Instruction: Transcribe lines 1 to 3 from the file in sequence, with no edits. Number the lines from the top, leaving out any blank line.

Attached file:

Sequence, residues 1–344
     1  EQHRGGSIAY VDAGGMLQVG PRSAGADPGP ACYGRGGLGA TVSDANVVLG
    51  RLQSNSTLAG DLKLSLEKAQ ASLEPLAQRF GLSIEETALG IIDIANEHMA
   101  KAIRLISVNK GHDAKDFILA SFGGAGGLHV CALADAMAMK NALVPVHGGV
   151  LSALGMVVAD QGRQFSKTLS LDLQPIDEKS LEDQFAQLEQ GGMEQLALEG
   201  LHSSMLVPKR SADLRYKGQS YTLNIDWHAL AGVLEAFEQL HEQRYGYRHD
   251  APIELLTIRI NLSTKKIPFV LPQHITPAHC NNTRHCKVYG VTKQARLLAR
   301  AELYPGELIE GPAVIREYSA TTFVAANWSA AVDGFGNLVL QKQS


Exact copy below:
Sequence, residues 1–344
     1  EQHRGGSIAY VDAGGMLQVG PRSAGADPGP ACYGRGGLGA TVSDANVVLG
    51  RLQSNSTLAG DLKLSLEKAQ ASLEPLAQRF GLSIEETALG IIDIANEHMA